University outreach camps for Aboriginal and Torres Strait Islander school students have an important role in raising students’ aspirations to attend university. These camps generally bring students onto university campuses with the aim of demystifying university culture and cultivating a sense of belonging, to build and sustain students’ engagement with higher education.

As COVID-19 continues, university outreach staff are innovating, to move face-to-face outreach camps on-line. These shifts range from developing on-line activities, such as Q&A sessions and new websites for prospective Aboriginal and Torres Strait Islander students, to whole camps re-developed and delivered entirely on-line or in blended approaches (with students participating either face-to-face or on-line). With these shifts, it is important to ensure on-line initiatives achieve effective engagement with students.

Can the important connections usually made between students at outreach camps be achieved in this new online space? Much can be learnt from other contexts. Fredericks et al. found a flexible, on-line version of an enabling programme for Aboriginal and Torres Strait Islander students did, in fact, help “to address geographical and social isolation to improve successful outcomes for Indigenous Australians .”

However, there is a need for greater understanding of how effective this shift to online is in relation to outreach camps for Aboriginal and Torres Strait Islander students.

Further collaboration between outreach practitioners and academics is needed to “enhance the relationship between equity and widening participation practitioners and academics” and strengthen the evidence of effective strategies for on-line outreach programmes and their iterative improvement. Certainly, evaluation in the Indigenous higher education context “is important now, more than ever” as the higher education sector responds to and innovates in this socially distanced environment.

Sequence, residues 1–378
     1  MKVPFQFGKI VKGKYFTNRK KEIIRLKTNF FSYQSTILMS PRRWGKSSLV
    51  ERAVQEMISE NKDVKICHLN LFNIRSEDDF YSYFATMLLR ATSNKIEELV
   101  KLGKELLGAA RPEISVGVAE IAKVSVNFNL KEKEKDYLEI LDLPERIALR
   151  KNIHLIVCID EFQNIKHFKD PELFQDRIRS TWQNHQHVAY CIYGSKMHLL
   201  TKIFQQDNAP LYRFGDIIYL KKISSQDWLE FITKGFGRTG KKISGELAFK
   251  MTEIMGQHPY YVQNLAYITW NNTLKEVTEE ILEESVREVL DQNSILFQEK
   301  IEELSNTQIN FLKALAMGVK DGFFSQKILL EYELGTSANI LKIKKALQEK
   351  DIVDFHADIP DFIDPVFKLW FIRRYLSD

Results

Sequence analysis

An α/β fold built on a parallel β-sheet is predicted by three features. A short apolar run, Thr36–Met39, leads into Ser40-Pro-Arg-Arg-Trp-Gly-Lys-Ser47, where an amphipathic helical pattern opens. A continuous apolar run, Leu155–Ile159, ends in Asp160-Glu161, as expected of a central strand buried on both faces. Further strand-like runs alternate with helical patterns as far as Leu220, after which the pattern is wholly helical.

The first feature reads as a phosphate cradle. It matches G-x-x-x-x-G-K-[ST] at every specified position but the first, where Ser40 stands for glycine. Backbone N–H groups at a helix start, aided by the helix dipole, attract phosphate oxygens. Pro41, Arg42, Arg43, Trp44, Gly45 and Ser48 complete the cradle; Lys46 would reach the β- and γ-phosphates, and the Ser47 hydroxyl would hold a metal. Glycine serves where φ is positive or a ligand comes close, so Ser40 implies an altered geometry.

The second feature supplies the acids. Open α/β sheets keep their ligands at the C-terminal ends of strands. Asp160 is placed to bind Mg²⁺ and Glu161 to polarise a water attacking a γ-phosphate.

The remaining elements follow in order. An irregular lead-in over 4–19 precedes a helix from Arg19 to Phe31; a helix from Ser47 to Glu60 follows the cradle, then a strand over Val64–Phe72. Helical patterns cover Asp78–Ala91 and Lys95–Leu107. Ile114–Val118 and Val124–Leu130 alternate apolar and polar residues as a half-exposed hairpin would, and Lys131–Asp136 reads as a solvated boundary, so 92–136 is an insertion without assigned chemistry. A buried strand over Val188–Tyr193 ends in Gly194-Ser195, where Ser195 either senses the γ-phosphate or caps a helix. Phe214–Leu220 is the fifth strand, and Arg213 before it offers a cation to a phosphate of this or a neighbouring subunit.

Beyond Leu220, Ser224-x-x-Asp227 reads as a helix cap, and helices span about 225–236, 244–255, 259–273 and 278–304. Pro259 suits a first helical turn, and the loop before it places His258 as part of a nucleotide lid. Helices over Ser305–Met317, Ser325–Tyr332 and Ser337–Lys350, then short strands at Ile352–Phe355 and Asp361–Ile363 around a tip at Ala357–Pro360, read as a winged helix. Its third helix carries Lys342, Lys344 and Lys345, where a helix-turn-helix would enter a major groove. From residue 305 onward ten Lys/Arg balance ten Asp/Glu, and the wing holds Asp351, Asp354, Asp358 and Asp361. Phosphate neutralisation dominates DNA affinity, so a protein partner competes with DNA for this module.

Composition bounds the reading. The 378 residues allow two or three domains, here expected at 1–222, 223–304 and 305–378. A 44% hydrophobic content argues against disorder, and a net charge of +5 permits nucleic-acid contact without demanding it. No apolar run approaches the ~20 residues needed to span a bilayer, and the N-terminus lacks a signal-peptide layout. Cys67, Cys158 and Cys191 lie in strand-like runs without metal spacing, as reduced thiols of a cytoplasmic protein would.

Improving the evidence base for “what works” in effective outreach camps during COVID-19 will highlight the strengths of these programmes and assist in improving and implementing these critical strategies to support the transition of Aboriginal and Torres Strait Islander students into higher education.

Dr Katelyn Barney, Equity Fellow 2019/2020, National Centre for Student Equity in Higher Education (NCSEHE), Curtin University Senior Lecturer, Aboriginal and Torres Strait Islander Studies Unit, University of Queensland [email protected]

Ms Hayley Williams, Research Assistant, Aboriginal and Torres Strait Islander Studies Unit, University of Queensland PhD student, Child Health Research Centre, University of Queensland [email protected]


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